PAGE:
Outkast rapper Andre 3000.

ATLANTA — Like the city it celebrated, the Style Atlanta grand finale was a mixture of down home and diversity, Old South and New Internationalism — and a great place to dress up.<BR><BR>The black-tie gala on May 6 at the Ritz Carlton in...

ATLANTA — Like the city it celebrated, the Style Atlanta grand finale was a mixture of down home and diversity, Old South and New Internationalism — and a great place to dress up.

The black-tie gala on May 6 at the Ritz Carlton in the Buckhead section ended the first annual Style Atlanta, a fashion and design week intended to raise the city’s profile as a style center and spotlight the design and retail community.

About 500 people attended the $300-per-person event, which benefited the Atlanta AIDS Partnership Fund and highlighted Atlanta’s increasingly diverse, international nature, as awards were presented to style leaders in fields from retail to music to architecture.

Andre Leon Talley, editor at large of Vogue, got the award for international style, while rapper Andre 3000 Benjamin, of Outkast, in tuxedo and skullcap, accepted a prize for music and style.

Paula Wallace, president and founder of the Savannah College of Art and Design, which opened an Atlanta branch in March, accepted the award for impact of design education. She wore a dress designed by a student.

John C. Portman Jr., chairman, the Portman Cos., who helped create much of the city’s skyline, received an award for his impact on the style of architecture. Tom Galloway, dean of the school of architecture at Georgia Tech, Portman’s alma mater, introduced him as “the man who broke the mold at the time, and changed everything in the landscape of cities worldwide.”

Portman, who popularized the atrium as a standard feature of modern hotels, has designed projects from Atlanta’s AmericasMart to San Francisco’s Embarcadero Center and Marina Square in Singapore. Recalling student days as a follower of the Bauhaus movement of modern architecture, Portman said a Georgia Tech professor had cautioned him about infatuation with style.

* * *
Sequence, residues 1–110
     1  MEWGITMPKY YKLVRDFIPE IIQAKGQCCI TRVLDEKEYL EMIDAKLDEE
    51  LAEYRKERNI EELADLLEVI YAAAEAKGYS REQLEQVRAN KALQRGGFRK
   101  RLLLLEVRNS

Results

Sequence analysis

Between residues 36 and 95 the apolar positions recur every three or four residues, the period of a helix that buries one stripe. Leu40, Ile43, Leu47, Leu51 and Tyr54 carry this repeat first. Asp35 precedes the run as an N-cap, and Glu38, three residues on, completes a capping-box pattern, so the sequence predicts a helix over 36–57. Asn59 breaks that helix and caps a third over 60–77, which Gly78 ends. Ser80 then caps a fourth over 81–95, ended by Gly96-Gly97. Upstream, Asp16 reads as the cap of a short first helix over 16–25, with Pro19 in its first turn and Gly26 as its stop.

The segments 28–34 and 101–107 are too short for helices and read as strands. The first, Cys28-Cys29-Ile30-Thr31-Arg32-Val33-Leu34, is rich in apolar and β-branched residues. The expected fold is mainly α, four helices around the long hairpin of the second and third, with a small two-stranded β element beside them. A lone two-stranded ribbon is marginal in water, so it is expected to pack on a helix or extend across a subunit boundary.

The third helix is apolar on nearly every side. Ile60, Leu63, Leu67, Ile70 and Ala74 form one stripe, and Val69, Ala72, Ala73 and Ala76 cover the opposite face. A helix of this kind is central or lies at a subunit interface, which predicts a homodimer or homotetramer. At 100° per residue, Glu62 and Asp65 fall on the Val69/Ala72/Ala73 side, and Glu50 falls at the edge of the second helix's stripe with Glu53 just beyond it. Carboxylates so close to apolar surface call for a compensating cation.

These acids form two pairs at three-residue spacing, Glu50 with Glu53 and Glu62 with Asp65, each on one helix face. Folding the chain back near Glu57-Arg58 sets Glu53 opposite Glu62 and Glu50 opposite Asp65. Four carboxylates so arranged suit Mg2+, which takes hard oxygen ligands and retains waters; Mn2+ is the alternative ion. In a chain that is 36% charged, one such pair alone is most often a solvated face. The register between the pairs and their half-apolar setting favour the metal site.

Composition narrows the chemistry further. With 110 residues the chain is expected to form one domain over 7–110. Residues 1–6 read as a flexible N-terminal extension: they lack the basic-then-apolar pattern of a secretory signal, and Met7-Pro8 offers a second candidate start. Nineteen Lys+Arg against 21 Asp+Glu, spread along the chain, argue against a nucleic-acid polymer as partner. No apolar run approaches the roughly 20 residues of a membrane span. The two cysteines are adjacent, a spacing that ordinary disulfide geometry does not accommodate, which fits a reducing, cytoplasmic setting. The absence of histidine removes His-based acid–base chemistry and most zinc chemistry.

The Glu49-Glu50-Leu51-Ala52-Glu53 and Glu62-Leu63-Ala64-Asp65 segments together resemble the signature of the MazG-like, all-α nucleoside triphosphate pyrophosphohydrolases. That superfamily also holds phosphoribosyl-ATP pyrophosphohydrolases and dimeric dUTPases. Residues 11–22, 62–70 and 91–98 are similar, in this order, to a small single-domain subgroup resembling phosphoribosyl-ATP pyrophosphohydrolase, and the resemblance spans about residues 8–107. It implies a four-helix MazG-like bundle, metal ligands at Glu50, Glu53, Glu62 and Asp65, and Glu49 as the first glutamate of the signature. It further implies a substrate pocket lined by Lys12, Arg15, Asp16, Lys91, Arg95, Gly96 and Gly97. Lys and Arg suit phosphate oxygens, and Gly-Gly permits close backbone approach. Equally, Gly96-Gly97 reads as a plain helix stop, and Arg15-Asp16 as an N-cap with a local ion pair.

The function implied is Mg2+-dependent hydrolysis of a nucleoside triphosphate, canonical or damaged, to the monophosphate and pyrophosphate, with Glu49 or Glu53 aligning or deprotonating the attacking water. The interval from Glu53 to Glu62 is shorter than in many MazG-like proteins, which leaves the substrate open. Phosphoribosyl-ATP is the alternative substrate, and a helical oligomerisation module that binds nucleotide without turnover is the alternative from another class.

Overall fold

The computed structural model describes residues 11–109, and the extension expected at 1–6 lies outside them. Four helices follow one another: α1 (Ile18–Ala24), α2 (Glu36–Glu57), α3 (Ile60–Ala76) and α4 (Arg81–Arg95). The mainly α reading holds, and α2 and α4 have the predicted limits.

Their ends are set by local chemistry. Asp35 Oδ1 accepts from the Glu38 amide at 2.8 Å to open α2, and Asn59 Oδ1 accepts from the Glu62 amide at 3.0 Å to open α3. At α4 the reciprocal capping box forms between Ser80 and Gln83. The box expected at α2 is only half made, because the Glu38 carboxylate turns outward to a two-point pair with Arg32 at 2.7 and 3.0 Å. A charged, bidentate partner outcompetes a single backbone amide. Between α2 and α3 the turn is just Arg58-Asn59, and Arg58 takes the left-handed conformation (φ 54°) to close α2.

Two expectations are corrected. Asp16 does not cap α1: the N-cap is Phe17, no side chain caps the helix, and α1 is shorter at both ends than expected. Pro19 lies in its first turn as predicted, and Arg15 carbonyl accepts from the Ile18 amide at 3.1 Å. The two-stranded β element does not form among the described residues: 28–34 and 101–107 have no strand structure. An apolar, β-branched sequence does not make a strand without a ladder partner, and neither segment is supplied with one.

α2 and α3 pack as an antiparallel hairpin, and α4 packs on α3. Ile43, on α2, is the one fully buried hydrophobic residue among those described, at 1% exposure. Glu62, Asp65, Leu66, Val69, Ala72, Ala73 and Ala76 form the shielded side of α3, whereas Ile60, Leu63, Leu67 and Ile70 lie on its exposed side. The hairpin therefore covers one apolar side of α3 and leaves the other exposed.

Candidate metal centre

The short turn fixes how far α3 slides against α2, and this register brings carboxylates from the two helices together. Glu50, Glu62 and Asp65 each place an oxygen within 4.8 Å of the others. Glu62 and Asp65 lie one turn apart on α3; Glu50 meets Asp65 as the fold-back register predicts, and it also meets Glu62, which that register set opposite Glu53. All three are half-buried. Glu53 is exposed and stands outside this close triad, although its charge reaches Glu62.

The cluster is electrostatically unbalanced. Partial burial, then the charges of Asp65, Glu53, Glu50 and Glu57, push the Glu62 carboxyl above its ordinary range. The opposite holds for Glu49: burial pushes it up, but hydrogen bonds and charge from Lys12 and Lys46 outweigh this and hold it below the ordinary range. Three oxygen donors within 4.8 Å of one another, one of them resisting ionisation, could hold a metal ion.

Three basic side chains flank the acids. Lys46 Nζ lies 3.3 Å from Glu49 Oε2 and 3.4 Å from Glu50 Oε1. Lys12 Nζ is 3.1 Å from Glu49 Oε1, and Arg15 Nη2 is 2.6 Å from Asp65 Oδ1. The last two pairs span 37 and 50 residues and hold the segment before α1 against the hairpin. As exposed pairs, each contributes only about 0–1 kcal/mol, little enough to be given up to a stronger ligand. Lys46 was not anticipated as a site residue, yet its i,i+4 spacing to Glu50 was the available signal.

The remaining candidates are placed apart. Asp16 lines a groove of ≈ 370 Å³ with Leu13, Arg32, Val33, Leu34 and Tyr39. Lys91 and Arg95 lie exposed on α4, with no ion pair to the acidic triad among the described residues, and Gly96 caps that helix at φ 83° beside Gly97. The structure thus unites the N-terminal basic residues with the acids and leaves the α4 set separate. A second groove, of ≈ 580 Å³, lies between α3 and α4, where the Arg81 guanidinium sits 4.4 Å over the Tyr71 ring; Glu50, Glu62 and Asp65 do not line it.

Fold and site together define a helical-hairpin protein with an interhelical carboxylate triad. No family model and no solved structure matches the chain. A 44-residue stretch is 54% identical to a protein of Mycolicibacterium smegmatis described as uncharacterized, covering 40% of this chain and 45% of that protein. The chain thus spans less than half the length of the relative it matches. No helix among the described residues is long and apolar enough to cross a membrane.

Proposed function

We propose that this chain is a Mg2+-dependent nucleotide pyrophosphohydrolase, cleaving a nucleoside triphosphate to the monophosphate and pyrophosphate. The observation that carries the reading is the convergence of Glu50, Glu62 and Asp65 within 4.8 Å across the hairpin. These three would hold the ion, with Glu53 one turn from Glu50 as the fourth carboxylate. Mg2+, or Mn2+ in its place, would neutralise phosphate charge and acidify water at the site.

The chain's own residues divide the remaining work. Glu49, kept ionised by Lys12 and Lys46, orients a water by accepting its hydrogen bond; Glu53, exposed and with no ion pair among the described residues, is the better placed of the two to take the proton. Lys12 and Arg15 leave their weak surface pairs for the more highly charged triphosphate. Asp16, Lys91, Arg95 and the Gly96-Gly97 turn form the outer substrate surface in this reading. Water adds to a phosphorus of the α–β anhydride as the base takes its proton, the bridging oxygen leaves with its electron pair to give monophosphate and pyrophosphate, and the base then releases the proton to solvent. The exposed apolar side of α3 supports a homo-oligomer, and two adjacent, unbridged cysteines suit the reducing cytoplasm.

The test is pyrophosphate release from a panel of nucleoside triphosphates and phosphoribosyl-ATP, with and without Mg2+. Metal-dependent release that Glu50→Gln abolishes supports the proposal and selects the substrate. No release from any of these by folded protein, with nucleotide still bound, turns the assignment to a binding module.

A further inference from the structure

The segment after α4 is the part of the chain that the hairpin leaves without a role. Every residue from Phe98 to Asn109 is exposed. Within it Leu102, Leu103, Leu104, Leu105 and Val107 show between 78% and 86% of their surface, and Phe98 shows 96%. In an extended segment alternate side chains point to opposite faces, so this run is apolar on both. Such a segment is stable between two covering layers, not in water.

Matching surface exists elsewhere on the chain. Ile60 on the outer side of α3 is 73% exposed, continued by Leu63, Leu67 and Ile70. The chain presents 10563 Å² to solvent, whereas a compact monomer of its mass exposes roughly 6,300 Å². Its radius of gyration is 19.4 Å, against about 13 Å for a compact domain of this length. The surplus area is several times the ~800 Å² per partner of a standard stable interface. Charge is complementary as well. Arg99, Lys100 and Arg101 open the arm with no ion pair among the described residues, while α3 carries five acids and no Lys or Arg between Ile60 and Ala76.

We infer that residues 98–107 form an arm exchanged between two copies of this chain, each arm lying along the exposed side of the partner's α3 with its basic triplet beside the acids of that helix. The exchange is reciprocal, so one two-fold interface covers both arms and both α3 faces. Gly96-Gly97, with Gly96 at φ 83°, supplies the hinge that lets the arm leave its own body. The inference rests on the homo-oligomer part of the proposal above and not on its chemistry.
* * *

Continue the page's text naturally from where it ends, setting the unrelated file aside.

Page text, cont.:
“Architecture is not about style, which seems so temporal,” Portman said. “Buildings sail through time, and last. They reflect elements of an era, but they have to have the vision of time.”

Portman said in an interview that after decades of growing suburban sprawl in Atlanta and elsewhere, his vision of urban multiuse centers where people live work and play is becoming widely accepted.

This story first appeared in the May 23, 2005 issue of WWD. Subscribe Today.

Hotels he designed opened in Warsaw and London last year, and Portman has developing projects in Istanbul and Dubai. However, he said, “China is the country with the most potential for the 21st century, followed by India.”

Taking a less lofty view of style was rapper Benjamin. The star of the film “Be Cool” said his style came from “growing up not having anything, and having to make something out of nothing.”

After the event, Benjamin revealed plans to launch an Atlanta-based clothing line for fall 2006, starting with men’s and expanding into women’s apparel.

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